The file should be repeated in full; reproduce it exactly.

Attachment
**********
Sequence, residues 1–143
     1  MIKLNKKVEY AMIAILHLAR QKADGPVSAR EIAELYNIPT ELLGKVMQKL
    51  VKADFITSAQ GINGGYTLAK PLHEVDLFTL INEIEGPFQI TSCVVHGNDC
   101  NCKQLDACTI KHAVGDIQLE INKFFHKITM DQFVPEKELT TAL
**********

Sequence, residues 1–143
     1  MIKLNKKVEY AMIAILHLAR QKADGPVSAR EIAELYNIPT ELLGKVMQKL
    51  VKADFITSAQ GINGGYTLAK PLHEVDLFTL INEIEGPFQI TSCVVHGNDC
   101  NCKQLDACTI KHAVGDIQLE INKFFHKITM DQFVPEKELT TAL